Still doesn't answer my question: Why it is necessary to display a video player at all. Ads I understand, but I can't think of any plausible reason for a video player. However if it has to be at the page, than why don't you put it somewhere in the sidebar where it won't interfere too much with the subject of the articles.
I'm interested in how this will work in the future. Most of my work goes to LevelSkip, but I'm curious how the new changes will benefit other possible ideas I have down the road. Here's to these changes being beneficial to all writers and editors.
I am shocked and horrified that we now have a video player at the top of every Hub, occupying the whole screen.
I recall when we used to be advised to find the perfect "hero shot" at the top of a Hub to pull the reader in, because you only get one shot to engage them. This is going to do the opposite.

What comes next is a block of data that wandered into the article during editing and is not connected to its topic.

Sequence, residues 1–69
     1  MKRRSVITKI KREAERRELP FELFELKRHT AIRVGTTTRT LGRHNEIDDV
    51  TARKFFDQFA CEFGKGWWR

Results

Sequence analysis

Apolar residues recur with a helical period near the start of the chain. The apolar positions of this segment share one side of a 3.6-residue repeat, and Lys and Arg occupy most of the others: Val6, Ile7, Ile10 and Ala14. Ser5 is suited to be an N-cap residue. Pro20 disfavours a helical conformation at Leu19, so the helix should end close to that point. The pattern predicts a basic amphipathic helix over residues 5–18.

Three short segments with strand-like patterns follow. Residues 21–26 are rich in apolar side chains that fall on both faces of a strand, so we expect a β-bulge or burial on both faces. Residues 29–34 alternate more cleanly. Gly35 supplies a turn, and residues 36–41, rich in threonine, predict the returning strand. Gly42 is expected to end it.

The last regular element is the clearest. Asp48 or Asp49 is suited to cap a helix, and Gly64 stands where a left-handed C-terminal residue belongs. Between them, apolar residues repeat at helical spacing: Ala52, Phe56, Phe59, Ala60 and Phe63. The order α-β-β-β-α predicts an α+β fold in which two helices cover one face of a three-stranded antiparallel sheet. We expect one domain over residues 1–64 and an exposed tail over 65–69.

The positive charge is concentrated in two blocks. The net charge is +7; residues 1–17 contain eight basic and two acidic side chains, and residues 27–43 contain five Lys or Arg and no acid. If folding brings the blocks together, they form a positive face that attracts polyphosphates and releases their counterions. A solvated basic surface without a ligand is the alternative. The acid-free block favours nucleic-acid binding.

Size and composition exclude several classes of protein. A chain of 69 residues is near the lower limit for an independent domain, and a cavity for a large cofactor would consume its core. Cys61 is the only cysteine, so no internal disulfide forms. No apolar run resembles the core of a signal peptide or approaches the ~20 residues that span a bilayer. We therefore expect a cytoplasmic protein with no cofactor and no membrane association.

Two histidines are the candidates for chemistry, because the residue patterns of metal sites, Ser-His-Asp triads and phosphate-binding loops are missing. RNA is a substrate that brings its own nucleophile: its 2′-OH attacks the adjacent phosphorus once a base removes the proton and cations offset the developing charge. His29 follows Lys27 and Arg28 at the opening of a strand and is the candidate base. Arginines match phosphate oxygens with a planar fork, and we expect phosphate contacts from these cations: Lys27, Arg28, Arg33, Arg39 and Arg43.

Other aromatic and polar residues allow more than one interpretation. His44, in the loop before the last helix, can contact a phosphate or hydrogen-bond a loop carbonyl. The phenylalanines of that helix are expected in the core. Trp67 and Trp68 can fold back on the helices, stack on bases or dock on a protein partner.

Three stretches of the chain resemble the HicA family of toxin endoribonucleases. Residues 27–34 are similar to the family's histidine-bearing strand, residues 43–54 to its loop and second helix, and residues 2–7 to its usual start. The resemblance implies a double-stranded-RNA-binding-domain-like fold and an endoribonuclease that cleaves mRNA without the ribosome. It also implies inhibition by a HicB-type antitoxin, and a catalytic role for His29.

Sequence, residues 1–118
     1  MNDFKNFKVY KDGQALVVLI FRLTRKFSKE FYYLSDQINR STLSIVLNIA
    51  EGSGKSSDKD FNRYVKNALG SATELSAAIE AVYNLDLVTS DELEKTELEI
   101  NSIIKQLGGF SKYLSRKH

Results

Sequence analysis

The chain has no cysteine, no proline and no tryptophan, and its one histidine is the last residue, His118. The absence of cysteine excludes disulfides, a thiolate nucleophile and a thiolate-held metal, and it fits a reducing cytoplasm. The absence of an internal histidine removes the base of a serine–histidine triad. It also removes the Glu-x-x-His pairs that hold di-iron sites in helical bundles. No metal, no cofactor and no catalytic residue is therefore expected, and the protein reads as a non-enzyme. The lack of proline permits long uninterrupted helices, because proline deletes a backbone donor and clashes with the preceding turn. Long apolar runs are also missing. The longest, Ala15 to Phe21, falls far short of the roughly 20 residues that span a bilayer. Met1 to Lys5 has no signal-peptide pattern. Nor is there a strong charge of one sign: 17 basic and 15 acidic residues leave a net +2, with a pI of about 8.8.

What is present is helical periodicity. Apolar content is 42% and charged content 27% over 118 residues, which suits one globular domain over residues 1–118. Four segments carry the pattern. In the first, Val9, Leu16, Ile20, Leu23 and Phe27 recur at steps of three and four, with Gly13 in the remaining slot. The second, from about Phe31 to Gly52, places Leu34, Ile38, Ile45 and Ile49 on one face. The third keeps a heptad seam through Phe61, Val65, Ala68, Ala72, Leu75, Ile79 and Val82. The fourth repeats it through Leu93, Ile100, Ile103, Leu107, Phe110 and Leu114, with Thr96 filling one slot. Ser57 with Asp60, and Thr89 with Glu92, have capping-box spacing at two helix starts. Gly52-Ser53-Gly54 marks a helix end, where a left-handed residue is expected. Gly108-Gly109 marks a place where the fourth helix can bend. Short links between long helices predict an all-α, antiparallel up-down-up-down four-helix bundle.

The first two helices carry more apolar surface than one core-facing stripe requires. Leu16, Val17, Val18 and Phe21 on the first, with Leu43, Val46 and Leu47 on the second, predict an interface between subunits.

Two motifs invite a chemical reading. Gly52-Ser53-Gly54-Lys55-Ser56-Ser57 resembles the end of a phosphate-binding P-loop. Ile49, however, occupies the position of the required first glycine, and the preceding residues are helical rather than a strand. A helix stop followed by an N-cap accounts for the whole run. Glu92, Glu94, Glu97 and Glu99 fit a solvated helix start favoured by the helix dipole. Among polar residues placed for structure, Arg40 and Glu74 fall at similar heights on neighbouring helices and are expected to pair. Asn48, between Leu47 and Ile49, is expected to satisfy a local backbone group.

I predict our bounce rate will go through the roof - because the reader will click on the link on Google, arrive on the page, see a video about some other subject, and immediately click back to choose the next search result.
Even if the video is somewhat related, that won't help one bit. If someone is searching for help on tomatoes and finds themselves watching a video on ants, they're not going to hang around.
I can see it working on a blog about a narrow niche, but HubPages sites are not narrow niche sites - each one covers a range of topics within a broad subject area. The result is that a "related" video can still bear absolutely no relevance to the topic the person is searching for.